I read portions of Grading for Growth as part of my preparations for the Spring's preproduction class. This book makes a case for "alternative grading," establishing four pillars for their efforts. These are:

  1. Clearly defined standards
  2. Helpful feedback
  3. Marks indicate progress
  4. Reattempts without penalty
I've been reading Talbert's blog for some time, and it's that last one that gives me some difficulty. I was hoping that reading the book would help me understand some practical matters such as grading management and dealing with skills that build upon each other. However, I found myself taking more notes about CS222 Advanced Programming and CS315 Game Programming than about CS390 Game Studio Preproduction.

I have read Nilson's Specification Grading and many articles on alternative grading, so I skipped through some of the content and case studies. The first case study is the one that was most relevant to me: a case of a calculus class in which the professor used standards-based grading (SBG). This was contributed by Joshua Bowman at Pepperdine University.

One of the tools that I had not fully considered before is the gateway exam. Bowman gives a ten-question exam early in the semester. Students must pass at least nine questions to pass the exam. Students get five chances to retake the exam, and a passing grade is required for a B- or better grade. This is potentially useful to deal with some of the particular problems I have faced in CS222, where students come in with high variation in understanding of programming fundamentals while also suffering from second-order ignorance. A formalized assessment could very well help with this. 

Another useful idea from the reading is the distinction between revision and new attempt. In my own teaching, I have allowed revisions, but I frequently in CS222 find myself suggesting that students begin assignments anew with new code or contexts. This was never a clear requirement but rather a strong suggestion. Separating these two ideas could increase clarity about the significance of error or misunderstanding. In particular, this could help with a particular error mode that I have seen in CS222: a student submits a source code evaluation, I critique the evaluation, and the student resubmits an evaluation that restates what I just pointed out in the critique. This masks the distinction between a student who has learned the material and one who can effectively parrot my commentary. The problem could be avoided if I required new attempts in cases where I am using my feedback to direct the student's attention to what they have missed rather than to point out small oversights.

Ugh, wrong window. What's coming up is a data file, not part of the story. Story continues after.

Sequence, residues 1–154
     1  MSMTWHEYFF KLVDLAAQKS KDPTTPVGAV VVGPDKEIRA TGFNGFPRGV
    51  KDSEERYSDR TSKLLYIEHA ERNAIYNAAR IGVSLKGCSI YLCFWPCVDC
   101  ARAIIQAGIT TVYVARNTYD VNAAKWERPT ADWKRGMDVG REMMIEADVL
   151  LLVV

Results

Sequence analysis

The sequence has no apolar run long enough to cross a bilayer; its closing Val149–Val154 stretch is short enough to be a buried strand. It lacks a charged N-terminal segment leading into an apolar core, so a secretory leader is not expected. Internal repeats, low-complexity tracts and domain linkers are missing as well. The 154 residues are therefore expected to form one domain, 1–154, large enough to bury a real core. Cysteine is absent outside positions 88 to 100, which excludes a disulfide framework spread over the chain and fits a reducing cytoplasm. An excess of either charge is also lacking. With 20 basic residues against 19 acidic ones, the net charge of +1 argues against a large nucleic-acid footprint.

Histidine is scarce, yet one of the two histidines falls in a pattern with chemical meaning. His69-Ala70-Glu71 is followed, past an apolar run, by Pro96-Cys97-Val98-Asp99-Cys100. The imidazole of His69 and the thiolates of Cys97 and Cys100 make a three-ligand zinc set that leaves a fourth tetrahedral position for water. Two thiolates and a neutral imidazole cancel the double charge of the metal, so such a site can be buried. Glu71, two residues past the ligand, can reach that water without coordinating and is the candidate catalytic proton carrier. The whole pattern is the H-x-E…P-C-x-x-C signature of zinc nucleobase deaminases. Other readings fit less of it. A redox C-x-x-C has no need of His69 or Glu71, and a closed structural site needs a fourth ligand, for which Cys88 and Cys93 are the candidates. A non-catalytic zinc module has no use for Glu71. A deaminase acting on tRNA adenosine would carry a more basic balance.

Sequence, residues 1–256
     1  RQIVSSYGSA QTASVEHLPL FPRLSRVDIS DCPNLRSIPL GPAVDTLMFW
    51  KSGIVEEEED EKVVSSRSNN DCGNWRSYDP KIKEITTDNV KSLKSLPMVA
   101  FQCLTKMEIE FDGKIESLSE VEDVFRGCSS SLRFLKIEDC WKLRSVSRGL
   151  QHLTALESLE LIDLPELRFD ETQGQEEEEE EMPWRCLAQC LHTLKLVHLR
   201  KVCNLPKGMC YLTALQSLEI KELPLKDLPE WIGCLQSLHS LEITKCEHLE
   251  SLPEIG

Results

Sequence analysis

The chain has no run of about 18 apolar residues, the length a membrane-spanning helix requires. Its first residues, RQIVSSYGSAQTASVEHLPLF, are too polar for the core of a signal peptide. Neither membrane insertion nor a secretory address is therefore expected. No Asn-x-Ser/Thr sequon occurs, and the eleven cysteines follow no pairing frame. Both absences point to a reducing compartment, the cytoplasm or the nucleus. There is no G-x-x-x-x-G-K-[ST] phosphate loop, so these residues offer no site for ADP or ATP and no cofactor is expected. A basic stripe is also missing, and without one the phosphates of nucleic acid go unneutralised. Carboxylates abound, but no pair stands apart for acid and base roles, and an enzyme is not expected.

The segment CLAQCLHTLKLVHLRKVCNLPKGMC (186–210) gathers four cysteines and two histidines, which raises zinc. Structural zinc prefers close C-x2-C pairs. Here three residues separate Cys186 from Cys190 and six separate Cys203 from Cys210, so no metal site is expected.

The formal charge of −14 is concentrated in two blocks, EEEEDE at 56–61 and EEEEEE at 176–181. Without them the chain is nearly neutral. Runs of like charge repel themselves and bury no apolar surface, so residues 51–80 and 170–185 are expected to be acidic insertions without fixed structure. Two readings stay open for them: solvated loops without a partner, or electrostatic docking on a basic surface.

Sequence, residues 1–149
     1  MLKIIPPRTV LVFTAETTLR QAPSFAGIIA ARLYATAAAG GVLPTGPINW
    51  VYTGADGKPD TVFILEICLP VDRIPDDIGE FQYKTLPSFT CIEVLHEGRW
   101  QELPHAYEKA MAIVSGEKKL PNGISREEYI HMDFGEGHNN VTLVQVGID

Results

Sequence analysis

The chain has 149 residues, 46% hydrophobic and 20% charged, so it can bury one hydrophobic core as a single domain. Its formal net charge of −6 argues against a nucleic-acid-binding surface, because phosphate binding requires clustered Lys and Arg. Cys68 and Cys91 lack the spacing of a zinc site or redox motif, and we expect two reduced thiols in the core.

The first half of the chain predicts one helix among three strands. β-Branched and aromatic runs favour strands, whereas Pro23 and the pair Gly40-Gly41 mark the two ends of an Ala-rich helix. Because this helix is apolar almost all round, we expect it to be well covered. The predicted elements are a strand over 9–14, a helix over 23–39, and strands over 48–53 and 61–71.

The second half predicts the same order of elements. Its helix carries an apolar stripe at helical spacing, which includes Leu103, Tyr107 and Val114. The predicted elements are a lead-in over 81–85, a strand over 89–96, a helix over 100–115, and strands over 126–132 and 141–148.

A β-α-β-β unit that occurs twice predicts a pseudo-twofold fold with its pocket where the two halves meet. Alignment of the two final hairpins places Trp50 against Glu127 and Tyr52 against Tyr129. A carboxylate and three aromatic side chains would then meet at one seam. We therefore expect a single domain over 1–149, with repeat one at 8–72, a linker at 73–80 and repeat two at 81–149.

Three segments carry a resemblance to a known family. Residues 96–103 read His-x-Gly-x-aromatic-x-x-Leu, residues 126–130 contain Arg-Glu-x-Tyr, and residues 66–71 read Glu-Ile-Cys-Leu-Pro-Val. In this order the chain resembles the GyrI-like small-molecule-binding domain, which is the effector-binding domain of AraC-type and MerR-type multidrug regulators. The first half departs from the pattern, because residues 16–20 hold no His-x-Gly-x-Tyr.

Regular readers may recall that I experimented with specifications-based grading in my section of CS222 in Fall 2023. I only laid out cases for A, B, C, D, and F grades, similarly to how I have implemented specs grading in CS315. The reading suggested that +/- grades can also be laid out in a specification, using them for "in between" cases.

I regularly air my frustrations with the incoherent concept of "mid-semester grades," but a piece of advice from the book struck me as useful. There was a recommendation to only give A, C, or F grades at midsemester. This is probably the right level of granularity for the task. The alternative, which I also recently came across in a blog somewhere, was to have students write their own mid-semester evaluations as a reflective exercise.

Bowman and others separate their standards into core and auxiliary. This could be useful in both CS222 and CS315, where I tend to weave together content that students are required to know from the syllabus with those that I think are useful from my experience.

The authors directly address the problem that reassessments have to be meaningful. Unlimited resubmissions will inevitably lead to students' throwing mediocre attempts at the problem in hopes that it goes away. The authors suggest two techniques for ensuring assessments are meaningful. The first is to gate the possibility for reassessment behind meaningful practice, which probably works better in courses with more objective content such as mathematics courses. The other is to require a reflective cover sheet. I have required students to give memos explaining the resubmission, but I've never given them a format for what this entails. This has led to my accepting many "memos" that show little evidence of understanding, usually when my patience is exhausted. Formalizing the memo process would benefit everyone involved.